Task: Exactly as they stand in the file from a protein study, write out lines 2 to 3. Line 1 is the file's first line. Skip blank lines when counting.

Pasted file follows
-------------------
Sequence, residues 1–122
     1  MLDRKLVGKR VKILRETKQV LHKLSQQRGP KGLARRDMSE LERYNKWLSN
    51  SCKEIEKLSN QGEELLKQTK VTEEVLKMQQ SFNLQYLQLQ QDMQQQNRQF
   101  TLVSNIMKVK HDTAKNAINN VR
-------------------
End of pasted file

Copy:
     1  MLDRKLVGKR VKILRETKQV LHKLSQQRGP KGLARRDMSE LERYNKWLSN
    51  SCKEIEKLSN QGEELLKQTK VTEEVLKMQQ SFNLQYLQLQ QDMQQQNRQF